The opinion of the court was delivered by: Justice Quinn.
Appeal from the Circuit Court of Cook County Honorable Stephen A. Schiller, Judge Presiding.
On October 20, 1998, plaintiff, Robert Bruemmer, filed a class action complaint against the defendant, Compaq Computer Corporation, asserting consumer fraud and breach of contract causes of action under the Illinois Consumer Fraud and Deceptive Business Practices Act (Consumer Fraud Act) (815 ILCS 505/1 et seq. (West 1998)) and the Uniform Commercial Code (810 ILCS 5/1-101 et seq. (West 1998)). Plaintiff alleged that defendant failed to refund the purchase price of his computer, as provided in the warranty, after defendant was unable to repair the malfunctioning computer. Plaintiff voluntarily withdrew and amended the complaint to include additional counts for violation of the Magnuson-Moss Warranty-Federal Trade Commission Improvement Act (Magnuson-Moss Warranty Act) (15 U.S.C. §2301 (1994)) and common law breach of contract. After the suit was filed, defendant attempted to tender a refund to plaintiff for the purchase price of the computer; however, plaintiff refused to accept it. The trial court dismissed plaintiff's amended complaint and granted him leave to replead. Following two attempts to replead, the trial court dismissed plaintiff's third amended class action complaint with prejudice as moot, and denied, in part, plaintiff's petition for attorney fees and costs. Plaintiff now appeals.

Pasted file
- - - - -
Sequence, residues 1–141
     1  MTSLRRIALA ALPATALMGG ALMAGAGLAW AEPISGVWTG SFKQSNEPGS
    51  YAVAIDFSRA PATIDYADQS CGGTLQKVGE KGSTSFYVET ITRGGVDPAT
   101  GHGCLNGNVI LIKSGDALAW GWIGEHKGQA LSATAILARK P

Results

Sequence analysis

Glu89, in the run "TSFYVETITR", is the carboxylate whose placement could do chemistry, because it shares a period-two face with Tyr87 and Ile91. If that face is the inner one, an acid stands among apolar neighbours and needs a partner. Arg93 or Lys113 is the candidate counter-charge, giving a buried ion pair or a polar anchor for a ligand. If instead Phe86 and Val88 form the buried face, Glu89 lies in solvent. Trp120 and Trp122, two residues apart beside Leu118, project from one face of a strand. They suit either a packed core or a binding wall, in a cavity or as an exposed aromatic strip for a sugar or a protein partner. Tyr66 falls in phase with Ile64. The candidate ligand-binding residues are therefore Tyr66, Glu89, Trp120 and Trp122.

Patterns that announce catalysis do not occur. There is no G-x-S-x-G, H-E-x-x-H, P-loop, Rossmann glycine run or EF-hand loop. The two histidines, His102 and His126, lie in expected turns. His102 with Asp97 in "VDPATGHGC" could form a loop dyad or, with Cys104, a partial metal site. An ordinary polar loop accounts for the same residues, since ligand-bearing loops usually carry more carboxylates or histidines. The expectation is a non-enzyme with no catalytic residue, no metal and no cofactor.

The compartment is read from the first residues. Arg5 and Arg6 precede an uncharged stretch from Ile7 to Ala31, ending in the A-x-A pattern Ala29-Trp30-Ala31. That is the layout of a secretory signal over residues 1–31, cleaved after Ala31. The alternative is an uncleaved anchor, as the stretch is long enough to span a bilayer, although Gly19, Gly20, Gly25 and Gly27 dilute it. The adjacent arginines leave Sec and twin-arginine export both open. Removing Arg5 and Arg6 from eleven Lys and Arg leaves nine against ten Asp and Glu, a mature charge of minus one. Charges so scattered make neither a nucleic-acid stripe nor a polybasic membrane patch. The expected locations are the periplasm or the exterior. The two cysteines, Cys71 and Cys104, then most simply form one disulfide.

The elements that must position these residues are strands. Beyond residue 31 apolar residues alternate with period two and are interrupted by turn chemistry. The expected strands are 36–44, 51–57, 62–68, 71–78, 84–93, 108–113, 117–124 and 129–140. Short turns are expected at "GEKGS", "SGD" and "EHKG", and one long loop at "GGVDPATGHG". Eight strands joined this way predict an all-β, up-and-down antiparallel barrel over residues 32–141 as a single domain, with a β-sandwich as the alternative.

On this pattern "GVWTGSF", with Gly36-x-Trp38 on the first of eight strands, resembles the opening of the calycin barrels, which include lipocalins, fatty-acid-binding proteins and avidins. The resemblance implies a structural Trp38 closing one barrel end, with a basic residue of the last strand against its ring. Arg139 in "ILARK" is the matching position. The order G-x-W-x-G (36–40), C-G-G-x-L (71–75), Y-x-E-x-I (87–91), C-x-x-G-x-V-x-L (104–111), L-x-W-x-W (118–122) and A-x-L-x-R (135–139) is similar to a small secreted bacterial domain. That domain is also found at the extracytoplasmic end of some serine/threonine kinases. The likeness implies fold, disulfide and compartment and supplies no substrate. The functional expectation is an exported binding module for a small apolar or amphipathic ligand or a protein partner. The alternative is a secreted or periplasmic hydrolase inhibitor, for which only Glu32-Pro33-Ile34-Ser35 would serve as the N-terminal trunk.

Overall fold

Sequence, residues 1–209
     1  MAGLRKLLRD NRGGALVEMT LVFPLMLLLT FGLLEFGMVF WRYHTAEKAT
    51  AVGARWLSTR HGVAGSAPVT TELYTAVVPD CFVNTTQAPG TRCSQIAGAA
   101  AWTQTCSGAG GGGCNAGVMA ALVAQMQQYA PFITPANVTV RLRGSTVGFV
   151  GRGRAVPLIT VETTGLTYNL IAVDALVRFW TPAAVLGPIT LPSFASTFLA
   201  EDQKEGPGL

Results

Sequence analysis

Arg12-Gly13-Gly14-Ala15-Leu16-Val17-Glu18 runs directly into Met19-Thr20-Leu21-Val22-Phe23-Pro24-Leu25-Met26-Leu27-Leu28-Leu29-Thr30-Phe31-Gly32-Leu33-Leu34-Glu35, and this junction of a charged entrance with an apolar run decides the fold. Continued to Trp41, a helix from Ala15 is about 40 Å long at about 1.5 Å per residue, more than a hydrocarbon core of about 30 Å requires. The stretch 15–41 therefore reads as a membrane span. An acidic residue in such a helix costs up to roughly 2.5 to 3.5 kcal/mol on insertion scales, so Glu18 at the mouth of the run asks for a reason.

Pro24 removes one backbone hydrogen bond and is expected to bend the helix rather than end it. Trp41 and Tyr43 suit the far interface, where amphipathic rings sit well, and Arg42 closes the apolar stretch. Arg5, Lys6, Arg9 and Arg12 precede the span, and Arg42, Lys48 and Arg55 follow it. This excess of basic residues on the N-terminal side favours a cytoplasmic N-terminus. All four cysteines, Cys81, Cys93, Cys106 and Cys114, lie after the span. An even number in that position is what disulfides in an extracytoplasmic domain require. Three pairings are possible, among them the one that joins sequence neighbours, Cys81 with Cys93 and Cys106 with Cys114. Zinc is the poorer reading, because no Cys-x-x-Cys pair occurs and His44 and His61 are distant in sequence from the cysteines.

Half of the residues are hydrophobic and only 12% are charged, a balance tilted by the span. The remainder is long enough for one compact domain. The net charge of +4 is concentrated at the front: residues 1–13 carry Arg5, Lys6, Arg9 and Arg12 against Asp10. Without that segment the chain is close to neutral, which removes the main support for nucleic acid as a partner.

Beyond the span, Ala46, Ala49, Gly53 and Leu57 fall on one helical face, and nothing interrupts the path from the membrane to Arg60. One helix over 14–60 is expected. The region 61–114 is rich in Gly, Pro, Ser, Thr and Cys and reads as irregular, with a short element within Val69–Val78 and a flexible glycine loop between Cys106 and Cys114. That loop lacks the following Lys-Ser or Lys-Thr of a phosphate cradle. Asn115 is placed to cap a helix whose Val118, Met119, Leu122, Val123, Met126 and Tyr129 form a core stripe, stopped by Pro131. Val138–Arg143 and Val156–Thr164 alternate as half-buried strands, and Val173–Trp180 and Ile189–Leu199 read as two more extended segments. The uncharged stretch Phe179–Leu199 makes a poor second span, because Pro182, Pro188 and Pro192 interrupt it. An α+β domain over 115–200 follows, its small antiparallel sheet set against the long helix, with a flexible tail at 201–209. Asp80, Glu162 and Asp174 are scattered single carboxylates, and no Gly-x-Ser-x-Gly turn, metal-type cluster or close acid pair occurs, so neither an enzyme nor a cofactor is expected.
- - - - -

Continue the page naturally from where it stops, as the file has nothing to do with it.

On appeal, plaintiff argues that the trial court erred: (1) in striking plaintiff's class allegations from the complaints rather than dealing with the class issues on a motion for class certification; (2) in striking/dismissing plaintiff's count for a declaratory judgment; (3) in striking/dismissing plaintiff's count for violation of the Consumer Fraud Act; (4) in dismissing plaintiff's complaint as moot; and (5) in denying in part plaintiff's petition for attorney fees and costs.
For the following reasons, we affirm.
In October of 1997 plaintiff purchased a new Pentium personal desktop computer from the defendant. The computer was accompanied by a one-year limited warranty which provided:
"During the warranty period, Compaq will, at no additional charge, repair or replace defective parts with new parts or, at the option of Compaq, serviceable used parts that are equivalent or superior to new parts in performance***.If, after repeated efforts, Compaq is unable to restore the Product to good working order, you are entitled to a refund of the purchase price."
Shortly after installation, the computer began to malfunction. The computer screen turned blue and displayed a "fatal exception error." This type of malfunction is commonly known as a "crash." Plaintiff's computer continued to experience the malfunction. Plaintiff telephoned defendant's technical service department approximately a dozen times during the month that followed his computer purchase. Although the technical representatives had plaintiff reconfigure settings and reinstall software, the malfunction persisted.
Toward the end of January 1998, defendant sent a technical representative out to repair plaintiff's computer. The representative replaced the motherboard of the computer but the "crash" malfunction continued. Defendant's repair technicians worked on plaintiff's computer three additional times over the following three months. The technicians replaced the memory, the central processing unit and the motherboard for a second time; however, the problem persisted.